Atlas, Oklahoma, 1930s. During the Great Depression, with no other jobs in sight, Liam begins working for the Federal Writers’ Project. He will receive a very humble paycheck in return for collecting stories of rural life in small-town Oklahoma. He begins interviewing the townspeople while hoping for better times and more lucrative jobs in bigger cities. When he meets Eden Sawyer, the daughter of a poor farmer as well as a talented artist, he finds a friendship he wasn’t expecting. And as his interviews of the town residents continue, he begins to learn more about the inner thoughts, ambitions, and dignity of the people that he’s met in Atlas.
The writing is absolutely stellar, as the reader immediately feels thrown into this Dust Bowl town, just like Liam. The backstories of the people he meets are fascinating glimpses of 1930s America. There is Rabbit, the garbage man, who describes his job thus: “No matter who you are, how high up on the stack you figure to be, you’re still leaving behind your own trash every day you live. Without me, you’d soon enough be swimming in it.” And Dub, the proud farmer who represents the attitude towards public assistance at that time: “Thing is, we don’t ask nothing of nobody, that includes Roosevelt. What we got, we earned, and without no handouts.”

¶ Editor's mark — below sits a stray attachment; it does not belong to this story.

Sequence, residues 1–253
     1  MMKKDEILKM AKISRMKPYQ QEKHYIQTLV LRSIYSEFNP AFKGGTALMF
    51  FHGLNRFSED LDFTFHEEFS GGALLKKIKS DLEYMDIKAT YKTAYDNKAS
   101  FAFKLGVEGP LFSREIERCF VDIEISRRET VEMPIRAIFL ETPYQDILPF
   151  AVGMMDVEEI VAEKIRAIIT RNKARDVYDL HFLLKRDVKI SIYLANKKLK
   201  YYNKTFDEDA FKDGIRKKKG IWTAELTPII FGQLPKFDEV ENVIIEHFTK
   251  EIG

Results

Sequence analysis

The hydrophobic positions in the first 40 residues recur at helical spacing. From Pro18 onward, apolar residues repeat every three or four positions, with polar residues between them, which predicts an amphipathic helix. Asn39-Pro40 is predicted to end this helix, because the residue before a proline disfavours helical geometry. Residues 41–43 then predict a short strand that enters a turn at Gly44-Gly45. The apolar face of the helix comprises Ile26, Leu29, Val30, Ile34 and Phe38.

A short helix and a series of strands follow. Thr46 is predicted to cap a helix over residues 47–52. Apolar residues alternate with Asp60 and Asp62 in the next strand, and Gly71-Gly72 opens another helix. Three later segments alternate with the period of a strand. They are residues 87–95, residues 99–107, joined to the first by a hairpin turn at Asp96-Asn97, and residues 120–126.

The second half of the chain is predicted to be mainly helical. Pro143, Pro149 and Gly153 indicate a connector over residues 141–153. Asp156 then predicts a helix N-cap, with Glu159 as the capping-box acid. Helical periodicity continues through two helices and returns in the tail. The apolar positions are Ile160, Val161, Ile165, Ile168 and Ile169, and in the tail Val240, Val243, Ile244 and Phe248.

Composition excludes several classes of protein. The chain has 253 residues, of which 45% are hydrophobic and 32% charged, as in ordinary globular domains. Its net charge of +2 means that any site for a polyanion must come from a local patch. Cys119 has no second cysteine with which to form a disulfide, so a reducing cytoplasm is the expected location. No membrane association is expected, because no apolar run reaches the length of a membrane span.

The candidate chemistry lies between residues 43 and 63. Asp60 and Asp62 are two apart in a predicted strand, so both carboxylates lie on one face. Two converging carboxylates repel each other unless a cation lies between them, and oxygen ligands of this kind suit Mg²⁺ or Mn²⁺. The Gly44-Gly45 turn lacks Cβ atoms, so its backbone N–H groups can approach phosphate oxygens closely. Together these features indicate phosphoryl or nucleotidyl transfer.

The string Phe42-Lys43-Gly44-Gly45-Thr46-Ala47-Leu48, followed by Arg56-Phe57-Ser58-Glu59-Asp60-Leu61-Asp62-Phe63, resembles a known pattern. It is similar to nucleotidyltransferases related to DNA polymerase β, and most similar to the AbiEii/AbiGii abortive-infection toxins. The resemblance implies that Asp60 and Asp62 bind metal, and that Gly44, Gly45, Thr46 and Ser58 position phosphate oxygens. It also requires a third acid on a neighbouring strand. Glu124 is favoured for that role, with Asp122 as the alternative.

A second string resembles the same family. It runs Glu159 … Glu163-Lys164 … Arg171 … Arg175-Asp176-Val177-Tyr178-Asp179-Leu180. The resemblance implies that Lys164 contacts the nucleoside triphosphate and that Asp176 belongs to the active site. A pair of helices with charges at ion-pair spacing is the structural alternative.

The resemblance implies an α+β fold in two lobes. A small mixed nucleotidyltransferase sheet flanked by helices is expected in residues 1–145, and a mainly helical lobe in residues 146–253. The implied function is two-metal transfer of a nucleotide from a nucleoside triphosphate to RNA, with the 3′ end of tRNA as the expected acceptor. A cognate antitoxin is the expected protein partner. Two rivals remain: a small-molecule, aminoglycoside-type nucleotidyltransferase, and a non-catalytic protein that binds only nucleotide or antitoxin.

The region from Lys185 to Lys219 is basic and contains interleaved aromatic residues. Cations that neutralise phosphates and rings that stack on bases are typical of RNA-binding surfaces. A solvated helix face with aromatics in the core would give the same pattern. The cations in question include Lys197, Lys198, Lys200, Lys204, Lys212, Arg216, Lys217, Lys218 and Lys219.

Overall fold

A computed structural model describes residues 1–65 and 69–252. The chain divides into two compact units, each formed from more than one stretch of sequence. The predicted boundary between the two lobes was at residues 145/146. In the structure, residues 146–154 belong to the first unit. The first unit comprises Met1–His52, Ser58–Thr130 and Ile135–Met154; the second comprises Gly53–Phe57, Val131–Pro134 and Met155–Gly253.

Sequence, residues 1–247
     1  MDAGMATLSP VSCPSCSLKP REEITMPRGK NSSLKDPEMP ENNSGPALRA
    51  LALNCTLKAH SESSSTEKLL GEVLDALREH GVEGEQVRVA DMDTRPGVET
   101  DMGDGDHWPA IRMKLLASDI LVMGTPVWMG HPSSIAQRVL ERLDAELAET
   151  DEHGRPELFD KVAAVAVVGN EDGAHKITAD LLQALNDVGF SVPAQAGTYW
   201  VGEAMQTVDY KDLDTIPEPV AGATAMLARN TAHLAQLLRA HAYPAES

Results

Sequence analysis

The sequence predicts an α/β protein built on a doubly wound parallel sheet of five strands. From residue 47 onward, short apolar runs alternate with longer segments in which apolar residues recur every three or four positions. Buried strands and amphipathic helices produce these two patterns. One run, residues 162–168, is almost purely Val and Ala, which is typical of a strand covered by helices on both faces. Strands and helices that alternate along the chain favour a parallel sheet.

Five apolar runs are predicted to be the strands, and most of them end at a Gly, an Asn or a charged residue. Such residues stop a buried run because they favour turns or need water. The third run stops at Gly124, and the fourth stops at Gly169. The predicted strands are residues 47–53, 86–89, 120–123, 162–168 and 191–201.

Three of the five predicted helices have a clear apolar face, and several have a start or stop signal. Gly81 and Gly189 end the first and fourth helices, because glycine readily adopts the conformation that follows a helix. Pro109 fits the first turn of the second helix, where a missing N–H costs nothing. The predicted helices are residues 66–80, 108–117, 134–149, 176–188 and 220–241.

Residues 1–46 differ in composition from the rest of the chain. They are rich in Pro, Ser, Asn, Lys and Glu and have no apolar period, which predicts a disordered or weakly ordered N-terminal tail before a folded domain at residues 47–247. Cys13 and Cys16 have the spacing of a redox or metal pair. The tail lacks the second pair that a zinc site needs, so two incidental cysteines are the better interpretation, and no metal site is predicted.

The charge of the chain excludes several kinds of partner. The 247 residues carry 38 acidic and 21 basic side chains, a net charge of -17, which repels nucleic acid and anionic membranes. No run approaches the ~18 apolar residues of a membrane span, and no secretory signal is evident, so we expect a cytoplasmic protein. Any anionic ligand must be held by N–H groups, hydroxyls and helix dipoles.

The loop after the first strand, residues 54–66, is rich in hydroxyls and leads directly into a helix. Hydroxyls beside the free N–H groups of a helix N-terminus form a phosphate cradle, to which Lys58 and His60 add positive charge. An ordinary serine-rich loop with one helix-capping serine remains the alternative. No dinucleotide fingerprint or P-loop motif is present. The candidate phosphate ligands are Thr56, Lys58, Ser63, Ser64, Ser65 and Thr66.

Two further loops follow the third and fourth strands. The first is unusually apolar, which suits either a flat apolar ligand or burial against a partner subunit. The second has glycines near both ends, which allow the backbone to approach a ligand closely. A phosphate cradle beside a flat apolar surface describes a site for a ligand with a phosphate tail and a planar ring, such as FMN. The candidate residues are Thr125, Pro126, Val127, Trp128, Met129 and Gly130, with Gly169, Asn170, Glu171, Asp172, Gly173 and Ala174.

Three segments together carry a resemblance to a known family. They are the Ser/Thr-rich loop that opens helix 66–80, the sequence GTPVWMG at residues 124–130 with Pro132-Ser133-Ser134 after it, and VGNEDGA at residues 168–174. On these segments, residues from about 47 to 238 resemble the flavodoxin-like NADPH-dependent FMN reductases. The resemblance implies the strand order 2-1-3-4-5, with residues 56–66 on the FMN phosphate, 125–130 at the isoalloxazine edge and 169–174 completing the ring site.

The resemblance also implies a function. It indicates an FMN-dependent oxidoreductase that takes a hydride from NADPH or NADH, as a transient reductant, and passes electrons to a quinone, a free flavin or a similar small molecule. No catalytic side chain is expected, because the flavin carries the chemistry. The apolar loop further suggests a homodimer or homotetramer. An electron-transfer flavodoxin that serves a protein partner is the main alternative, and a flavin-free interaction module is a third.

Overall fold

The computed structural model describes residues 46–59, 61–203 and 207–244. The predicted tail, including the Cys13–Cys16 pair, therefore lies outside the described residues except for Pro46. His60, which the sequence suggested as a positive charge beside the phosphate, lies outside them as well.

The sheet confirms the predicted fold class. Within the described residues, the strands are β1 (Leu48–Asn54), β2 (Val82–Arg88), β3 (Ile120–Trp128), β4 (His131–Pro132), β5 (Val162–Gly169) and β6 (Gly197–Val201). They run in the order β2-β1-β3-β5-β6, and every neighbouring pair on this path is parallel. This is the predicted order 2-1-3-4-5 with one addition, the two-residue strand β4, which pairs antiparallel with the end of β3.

As more interviews reveal the proud, the talented, and the unseen among the townspeople, the readers see their true value, and the ugly side of the town is also revealed: those who want to keep others from succeeding. This story paints a vivid picture, both visually and emotionally, not just of a small town during the Depression, but also of the dynamics between the rich and the poor at that time. Highly recommended.